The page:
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Page 5

Philip Livingston

1716-1778

   Previous to his departure, he visited his friends in Albany, whom he now bid a final farewell, as he expected to see them no more. His family, at this time, were at Kingston, whither they had been obliged to flee to escape the British army. To these, also, he bid an affectionate adieu, at the same time expressing his conviction, that he should no more return.

   These sad anticipations proved too true. On the fifth of May, he took his seat in congress, from which time his decline was rapid. On the twelfth of June, he ended his valuable life. Although deprived of the consolations of home, he was attended, during the few last days of his illness, by his son, Henry, who was at that time a member of General Washington's family. Hearing of the illness of his father, he hastened to administer such comforts as might be in his power, and to perform the last duties to a dying parent.

   On the day of his decease, his death was announced in the half of congress, and by that body the following resolutions adopted:

   "Congress being informed that Mr. P. Livingston, one of the delegates for the state of New-York, died last night, and that circumstances require that his corpse be interred this evening,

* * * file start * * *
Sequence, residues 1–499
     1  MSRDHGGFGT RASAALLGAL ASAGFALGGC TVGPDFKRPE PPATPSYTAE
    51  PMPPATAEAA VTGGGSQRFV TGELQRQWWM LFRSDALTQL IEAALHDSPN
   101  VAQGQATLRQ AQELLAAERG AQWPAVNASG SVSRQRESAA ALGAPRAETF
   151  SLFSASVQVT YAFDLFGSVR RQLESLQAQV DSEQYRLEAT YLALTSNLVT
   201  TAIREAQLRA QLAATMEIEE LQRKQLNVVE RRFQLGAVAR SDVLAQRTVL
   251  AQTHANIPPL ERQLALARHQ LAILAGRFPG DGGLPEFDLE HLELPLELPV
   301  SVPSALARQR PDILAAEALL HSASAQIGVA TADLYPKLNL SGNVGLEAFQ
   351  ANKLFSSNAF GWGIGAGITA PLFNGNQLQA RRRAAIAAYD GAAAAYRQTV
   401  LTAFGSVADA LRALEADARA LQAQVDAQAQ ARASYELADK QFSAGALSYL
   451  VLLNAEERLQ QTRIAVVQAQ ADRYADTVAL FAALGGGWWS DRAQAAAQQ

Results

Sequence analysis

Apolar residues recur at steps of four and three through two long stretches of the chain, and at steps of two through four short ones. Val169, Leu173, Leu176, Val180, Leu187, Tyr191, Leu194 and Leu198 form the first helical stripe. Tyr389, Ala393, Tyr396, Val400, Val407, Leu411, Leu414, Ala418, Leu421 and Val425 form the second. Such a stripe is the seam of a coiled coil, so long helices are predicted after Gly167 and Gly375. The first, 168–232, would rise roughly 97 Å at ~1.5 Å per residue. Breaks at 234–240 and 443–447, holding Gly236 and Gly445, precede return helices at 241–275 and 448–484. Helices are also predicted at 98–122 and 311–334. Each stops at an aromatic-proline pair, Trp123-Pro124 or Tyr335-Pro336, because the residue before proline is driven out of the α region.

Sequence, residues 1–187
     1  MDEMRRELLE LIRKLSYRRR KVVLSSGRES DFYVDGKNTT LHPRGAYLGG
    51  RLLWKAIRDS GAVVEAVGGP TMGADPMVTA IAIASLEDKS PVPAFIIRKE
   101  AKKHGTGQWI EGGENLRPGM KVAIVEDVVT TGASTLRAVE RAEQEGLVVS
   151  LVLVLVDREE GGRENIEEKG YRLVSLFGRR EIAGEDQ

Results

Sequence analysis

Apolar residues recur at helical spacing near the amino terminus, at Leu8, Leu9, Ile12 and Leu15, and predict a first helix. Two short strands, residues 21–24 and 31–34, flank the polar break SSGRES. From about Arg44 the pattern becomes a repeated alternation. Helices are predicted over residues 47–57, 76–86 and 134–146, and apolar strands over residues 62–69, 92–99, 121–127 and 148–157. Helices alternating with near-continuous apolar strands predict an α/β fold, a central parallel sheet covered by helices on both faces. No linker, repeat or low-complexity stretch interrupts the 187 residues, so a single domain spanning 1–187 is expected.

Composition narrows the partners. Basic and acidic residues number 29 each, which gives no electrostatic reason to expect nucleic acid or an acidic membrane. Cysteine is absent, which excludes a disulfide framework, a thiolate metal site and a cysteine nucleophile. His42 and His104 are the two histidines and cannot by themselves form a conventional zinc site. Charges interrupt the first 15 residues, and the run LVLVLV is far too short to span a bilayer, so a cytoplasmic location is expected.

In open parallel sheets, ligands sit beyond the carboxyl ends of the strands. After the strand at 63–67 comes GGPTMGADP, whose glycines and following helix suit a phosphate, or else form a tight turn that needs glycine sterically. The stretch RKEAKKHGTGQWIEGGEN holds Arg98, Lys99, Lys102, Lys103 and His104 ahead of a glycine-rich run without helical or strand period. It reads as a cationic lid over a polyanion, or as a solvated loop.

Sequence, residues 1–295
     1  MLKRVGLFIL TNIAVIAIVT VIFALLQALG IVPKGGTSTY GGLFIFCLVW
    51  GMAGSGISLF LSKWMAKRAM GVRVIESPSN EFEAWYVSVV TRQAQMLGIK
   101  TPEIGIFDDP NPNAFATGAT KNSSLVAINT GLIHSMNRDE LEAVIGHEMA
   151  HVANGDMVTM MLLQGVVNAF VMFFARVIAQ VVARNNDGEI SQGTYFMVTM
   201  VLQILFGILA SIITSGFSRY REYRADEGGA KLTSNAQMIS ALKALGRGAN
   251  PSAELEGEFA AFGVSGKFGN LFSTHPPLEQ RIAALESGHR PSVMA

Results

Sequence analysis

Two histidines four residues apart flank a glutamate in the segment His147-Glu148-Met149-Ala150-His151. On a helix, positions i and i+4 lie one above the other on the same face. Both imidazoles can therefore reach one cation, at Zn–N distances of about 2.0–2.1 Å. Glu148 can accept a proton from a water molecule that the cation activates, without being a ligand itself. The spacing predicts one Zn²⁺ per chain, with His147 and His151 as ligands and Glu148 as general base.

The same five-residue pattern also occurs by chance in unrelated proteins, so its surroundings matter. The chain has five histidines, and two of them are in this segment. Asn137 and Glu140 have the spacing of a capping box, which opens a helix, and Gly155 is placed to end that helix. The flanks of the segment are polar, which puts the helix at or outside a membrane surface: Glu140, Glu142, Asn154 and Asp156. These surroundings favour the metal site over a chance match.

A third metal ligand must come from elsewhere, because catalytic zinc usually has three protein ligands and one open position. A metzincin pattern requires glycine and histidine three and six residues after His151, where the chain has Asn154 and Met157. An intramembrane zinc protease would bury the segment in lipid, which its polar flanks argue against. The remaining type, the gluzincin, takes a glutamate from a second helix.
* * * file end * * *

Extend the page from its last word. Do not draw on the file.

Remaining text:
"Resolved, that congress will in a body attend the funeral this evening, at six o'clock, with a crape round the arm, and will continue in mourning for the space of one month.

   "Ordered, that Mr. Lewis, Mr. Duer, and Mr. G. Morris, be a committee to superintend the funeral; and that the Rev. Mr.. Duffield, the attending chaplain, be notified to officiate on the occasion."

   Mr. Livingston married the daughter of Colonel Dirck Ten Broeck, by whom he had several children. His family has furnished several characters who have adorned society, and whose virtues have imparted dignity to human nature. Mr. Livingston is said to have been naturally silent and reserved, and, to strangers, to have appeared austere. Yet be was uncommonly mild and affectionate to his family and friends. ,He was a firm believer in the great truths of the Christian system, and a sincere and humble follower of the divine Redeemer.

Source: Rev. Charles A. Goodrich Lives of the Signers to the Declaration of Independence. New York: William Reed & Co., 1856. Pages 186-192. (Some minor spelling changes may have been made.)

See also:

  • The biography of Christina Ten Broeck Livingston, Phillip Livingston's wife

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    Last modified January 2, 2004